Take My Rebate, Please

writer x

I’m not sure who concocted rebates or when they started to become so popular—and by popular, I mean for the retailers. Near as I can tell, they’re a conveniently sneaky way for retailers to advertise that they’re offering you a great deal for your new laptop, refrigerator, or toaster, simply because there’s a rebate involved.


On the surface, they look harmless and what red-blooded consumer wouldn’t want $2, $20, maybe even $200 off their purchase?

Whenever I shop and a salesperson tells me I’ll get x-off my purchase with a mail-in rebate, I’m tempted to tell the salesperson to stuff it. Why? Because I’ve been duped. I’ve swallowed the rebate bait, but once was enough for me. Rebates are one step below Ponzi schemes and Amway and just as clever.

Last fall I bought a new refrigerator. I forget the exact price but I do remember that my new stainless steel frig came with a $100 mail-in rebate. “It’s easy,” the salesman promised me. Even a caveman can do it. “Simply send a copy of your bill to the manufacturer, along with this tiny postcard, and they’ll send you a check for $100. Easy.”


Yeah, right. In your dreams.

Turns out I sent the information to some rebate processing company on the other side of the world, probably to some guy living in a hut somewhere, laughing his coconuts off whenever he got an envelope from some green-eyed Westerner thinking that they’re going to receive a rebate. After six months, I forgot about it. When my brown envelope finally arrived, I assumed that I’d open it to find my $100 rebate check. Instead, I found a terse note scolding me for sending a copy instead of the original bill and for filling out the postcard in blue ink (instead of black) and using abbreviations in my return address. Apparently AZ isn’t a recognizable mailing abbreviation for Arizona. Another no-no. “Your rebate is hereby forfeited,” it concluded. It might as well have included the word “sucker” too.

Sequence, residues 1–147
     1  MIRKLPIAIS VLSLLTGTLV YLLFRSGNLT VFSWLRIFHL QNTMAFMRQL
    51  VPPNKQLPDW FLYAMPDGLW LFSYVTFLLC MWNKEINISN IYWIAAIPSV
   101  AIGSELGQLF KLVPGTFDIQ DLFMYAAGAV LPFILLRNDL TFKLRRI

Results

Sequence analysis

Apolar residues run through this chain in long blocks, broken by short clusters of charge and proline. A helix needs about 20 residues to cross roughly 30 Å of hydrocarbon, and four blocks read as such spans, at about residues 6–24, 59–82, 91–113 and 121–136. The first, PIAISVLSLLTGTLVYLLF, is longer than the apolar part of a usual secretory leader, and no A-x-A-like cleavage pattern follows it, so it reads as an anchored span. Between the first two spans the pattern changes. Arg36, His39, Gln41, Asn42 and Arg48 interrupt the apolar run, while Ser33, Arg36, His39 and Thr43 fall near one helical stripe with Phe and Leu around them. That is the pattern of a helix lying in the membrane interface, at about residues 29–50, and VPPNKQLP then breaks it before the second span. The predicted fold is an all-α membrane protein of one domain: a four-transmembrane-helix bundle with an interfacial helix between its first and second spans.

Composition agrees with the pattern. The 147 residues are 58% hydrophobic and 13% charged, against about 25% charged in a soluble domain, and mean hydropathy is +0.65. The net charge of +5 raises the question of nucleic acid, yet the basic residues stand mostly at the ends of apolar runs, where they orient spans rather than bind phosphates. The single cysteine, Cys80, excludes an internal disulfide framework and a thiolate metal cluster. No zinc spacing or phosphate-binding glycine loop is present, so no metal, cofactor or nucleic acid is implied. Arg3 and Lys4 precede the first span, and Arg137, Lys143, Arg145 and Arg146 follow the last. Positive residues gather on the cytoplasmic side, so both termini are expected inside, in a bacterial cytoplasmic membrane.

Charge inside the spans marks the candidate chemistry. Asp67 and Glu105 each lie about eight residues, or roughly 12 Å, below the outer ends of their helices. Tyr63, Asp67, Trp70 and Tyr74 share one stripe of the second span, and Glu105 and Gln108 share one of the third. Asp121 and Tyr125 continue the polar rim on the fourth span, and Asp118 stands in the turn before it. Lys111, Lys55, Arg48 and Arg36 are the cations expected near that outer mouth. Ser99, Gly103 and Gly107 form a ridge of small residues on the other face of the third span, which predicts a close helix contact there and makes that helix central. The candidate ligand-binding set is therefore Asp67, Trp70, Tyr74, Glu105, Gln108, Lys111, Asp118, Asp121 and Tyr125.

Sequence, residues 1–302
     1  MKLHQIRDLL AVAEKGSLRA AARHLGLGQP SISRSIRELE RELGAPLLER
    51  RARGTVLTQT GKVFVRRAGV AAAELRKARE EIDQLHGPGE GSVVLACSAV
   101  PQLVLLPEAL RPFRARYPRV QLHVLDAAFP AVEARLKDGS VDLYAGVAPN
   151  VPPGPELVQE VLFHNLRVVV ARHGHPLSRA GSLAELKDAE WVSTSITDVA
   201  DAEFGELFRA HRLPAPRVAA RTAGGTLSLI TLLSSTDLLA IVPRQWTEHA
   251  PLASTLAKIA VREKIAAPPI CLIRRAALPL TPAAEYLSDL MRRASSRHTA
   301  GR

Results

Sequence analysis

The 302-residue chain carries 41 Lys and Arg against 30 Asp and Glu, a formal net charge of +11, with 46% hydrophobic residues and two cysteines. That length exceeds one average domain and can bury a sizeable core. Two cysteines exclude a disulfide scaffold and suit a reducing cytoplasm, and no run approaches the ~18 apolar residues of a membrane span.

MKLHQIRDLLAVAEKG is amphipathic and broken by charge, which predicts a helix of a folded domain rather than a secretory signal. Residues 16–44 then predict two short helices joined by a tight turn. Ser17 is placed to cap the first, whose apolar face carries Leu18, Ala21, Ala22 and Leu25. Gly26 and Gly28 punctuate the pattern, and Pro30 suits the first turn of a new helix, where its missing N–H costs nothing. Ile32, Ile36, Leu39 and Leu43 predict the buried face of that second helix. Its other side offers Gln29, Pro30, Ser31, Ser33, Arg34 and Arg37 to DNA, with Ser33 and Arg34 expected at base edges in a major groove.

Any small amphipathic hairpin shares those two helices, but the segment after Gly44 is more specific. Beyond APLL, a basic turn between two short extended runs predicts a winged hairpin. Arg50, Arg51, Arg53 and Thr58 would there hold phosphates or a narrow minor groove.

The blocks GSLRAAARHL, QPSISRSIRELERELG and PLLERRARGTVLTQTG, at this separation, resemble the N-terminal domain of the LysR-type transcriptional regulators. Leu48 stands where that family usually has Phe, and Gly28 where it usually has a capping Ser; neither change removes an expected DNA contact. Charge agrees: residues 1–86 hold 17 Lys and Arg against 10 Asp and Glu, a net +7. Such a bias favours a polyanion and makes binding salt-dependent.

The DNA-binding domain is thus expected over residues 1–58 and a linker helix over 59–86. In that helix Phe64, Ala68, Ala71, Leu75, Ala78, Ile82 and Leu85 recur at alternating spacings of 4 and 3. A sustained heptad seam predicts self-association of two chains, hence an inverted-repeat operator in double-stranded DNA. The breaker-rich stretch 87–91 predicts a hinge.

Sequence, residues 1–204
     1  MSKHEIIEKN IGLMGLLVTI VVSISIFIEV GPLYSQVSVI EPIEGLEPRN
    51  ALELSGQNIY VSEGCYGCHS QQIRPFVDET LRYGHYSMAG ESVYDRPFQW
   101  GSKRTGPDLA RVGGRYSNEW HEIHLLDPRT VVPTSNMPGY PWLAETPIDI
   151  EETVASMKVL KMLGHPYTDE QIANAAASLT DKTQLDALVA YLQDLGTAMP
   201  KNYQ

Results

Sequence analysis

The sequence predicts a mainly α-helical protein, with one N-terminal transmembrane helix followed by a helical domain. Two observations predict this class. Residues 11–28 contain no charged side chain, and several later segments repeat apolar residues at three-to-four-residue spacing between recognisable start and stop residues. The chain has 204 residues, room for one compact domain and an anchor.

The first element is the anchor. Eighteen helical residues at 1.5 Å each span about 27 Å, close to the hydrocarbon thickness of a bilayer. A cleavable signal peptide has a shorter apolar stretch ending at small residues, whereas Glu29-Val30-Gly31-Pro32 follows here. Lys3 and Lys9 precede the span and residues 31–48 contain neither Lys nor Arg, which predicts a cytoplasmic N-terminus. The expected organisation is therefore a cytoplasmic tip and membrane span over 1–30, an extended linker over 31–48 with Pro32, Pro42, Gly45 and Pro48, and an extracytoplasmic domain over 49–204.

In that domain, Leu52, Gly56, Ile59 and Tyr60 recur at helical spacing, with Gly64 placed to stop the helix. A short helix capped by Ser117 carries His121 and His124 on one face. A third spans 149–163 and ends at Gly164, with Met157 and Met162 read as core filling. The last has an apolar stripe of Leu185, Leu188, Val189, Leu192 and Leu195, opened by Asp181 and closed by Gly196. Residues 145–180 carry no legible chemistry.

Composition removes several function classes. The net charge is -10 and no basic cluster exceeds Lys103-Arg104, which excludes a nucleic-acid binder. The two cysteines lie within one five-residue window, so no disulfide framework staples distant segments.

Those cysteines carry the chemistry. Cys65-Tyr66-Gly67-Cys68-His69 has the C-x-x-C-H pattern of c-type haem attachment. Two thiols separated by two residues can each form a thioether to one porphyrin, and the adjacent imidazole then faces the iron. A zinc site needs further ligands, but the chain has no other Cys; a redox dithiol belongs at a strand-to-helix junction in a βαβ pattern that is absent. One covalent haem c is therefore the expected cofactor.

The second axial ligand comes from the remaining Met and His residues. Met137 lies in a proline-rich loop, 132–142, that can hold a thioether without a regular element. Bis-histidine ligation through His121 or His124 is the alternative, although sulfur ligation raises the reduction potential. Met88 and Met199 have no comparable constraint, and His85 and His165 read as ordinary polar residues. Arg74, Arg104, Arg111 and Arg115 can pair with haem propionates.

Of course there was no 1-800 number to call, no address, because the guy lived in a tree. Worse, the salesperson at the store I dealt with was no longer with the appliance company and too much time had passed for me to do anything. Besides, hadn’t I already been using my new beautiful refrigerator? Wasn’t it filled with fruits and vegetables and to-go boxes from restaurants already? I was screwed.

Last week I went shopping for a new microwave. My 20-year old one had finally nuked its last meal. I drove to the appliance store (another one) and when the blonde salesgirl with a big smile on her face approached me and gushed that they were offering microwaves with $50 mail-in rebates I marched right out the door. I’ll learn how to cook (finally) before I ever buy another microwave—or anything—with a mail-in rebate.

::Writer X also writes at The 100 Most Annoying Things::

April 13, 2009 8:11 am

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